The Center for Jewish Philanthropy of Greater Phoenix (CJP) has awarded grants totaling more than $1.5 million to 29 local and international organizations. The programs funded range from Shabbat dinners for needy families and inclusivity training for summer camps to security funding for Arizona’s small and medium-sized synagogues and the resettlement of Jewish refugees in Israel.

CJP considers it a priority to let the Greater Phoenix Jewish community know where its money goes, who benefits and why it’s good for the community, said Richard Kasper, CJP CEO.

“I am really proud of the work that was done by the Community Impact Committee and by our board of directors, and you can see why when you look at the list of recipients. There is tremendous diversity in the organizations and programs and their constituents that we’re supporting. It feels like progress,” he said.

By funding organizations CJP is “helping them to serve people,” he said, noting it goes beyond the Jewish community.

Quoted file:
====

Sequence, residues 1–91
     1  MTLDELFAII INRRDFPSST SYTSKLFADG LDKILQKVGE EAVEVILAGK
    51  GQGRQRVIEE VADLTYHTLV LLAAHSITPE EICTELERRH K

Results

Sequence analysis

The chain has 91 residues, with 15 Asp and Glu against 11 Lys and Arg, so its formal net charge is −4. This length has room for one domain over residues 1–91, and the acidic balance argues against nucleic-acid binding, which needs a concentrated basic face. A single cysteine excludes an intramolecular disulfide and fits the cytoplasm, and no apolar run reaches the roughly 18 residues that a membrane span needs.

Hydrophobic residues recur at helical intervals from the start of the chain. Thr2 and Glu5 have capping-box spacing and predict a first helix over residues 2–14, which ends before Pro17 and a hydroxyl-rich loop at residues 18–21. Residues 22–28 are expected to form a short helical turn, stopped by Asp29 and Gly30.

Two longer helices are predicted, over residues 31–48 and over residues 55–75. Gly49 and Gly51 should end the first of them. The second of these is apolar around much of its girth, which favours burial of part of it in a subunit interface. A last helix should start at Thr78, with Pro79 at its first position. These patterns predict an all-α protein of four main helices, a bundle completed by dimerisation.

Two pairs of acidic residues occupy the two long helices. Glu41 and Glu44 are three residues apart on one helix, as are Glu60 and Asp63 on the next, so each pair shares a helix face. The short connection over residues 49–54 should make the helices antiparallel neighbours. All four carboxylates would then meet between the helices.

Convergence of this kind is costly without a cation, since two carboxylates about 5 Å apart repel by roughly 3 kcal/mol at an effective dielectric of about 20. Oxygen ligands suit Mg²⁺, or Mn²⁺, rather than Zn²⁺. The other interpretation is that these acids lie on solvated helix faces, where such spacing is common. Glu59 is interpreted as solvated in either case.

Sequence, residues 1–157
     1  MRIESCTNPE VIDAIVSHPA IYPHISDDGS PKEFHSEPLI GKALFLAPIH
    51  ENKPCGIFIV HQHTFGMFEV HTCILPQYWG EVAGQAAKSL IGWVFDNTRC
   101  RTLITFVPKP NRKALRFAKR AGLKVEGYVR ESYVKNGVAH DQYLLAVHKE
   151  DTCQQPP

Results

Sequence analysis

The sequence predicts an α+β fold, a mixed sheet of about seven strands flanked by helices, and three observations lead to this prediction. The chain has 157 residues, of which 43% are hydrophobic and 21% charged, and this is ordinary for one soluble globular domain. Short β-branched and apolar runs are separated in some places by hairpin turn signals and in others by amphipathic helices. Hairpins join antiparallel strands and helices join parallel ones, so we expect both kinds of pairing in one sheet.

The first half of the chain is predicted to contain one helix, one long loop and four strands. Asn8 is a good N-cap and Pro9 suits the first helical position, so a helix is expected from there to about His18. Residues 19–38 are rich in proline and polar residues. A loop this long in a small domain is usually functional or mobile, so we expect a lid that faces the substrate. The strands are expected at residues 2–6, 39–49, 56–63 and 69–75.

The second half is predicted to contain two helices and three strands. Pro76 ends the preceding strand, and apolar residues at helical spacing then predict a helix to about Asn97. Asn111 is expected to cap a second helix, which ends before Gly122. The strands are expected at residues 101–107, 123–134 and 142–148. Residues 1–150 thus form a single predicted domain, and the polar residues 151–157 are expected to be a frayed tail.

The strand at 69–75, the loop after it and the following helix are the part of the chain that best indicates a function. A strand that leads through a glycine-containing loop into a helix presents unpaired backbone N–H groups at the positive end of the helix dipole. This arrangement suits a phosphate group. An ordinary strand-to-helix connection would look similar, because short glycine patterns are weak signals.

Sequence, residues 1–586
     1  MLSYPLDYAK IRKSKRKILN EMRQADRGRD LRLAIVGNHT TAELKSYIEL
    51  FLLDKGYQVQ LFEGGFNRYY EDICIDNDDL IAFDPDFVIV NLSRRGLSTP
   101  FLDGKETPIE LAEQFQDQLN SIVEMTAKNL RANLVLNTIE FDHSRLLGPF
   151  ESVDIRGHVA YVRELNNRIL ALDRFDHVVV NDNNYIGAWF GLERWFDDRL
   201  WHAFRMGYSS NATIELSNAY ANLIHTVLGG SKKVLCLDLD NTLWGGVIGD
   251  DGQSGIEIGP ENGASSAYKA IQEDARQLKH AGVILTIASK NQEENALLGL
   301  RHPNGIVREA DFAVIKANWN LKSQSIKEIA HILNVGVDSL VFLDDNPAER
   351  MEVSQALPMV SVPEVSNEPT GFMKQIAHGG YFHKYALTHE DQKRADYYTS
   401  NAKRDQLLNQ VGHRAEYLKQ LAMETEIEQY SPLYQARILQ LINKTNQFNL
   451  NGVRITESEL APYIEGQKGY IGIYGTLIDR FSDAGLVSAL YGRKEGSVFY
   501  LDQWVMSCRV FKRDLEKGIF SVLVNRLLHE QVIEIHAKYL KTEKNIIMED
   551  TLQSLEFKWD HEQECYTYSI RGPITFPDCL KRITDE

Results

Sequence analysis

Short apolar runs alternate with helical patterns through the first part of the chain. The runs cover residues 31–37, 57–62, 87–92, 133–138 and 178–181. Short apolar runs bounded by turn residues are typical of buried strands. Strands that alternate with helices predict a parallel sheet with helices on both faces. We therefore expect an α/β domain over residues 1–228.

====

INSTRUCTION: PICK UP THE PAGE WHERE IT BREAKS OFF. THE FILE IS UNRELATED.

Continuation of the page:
For example, Scottsdale Arts was awarded $7,500 to support its “Hold on to Hope Traveling Exhibition,” which takes viewers on a visual journey to Nazi-occupied Poland via the personal photos and anecdotes of local Holocaust survivor Oskar Knoblauch. Although the organization is not Jewish, and many of those viewing the exhibit will likely not be Jewish, it is a valuable Holocaust education program for young students.

“We know that a lot of young people are very poorly informed about what the Holocaust was and why they should care,” Kasper said.

While most of the grant recipients are local organizations, CJP also funds global, primarily Israeli, programs. During the COVID-19 pandemic, the Jewish Community Foundation of Greater Phoenix and the Jewish Federation of Greater Phoenix, CJP’s precursors, focused most of their grants on local organizations to ensure they had what they required. Now that many of those needs have diminished, CJP is able to consider requests beyond the local community.

“Most Jews, whether it’s in Phoenix or elsewhere, care about Jews in other parts of the world. We have an obligation as Jewish people to care for Jews where they are, not just those in our hometowns,” Kasper said.

To read the entire article, click here.

This post has been contributed by a third party. The opinions, facts and any media content are presented solely by the author, and JewishPhoenix assumes no responsibility for them. MORE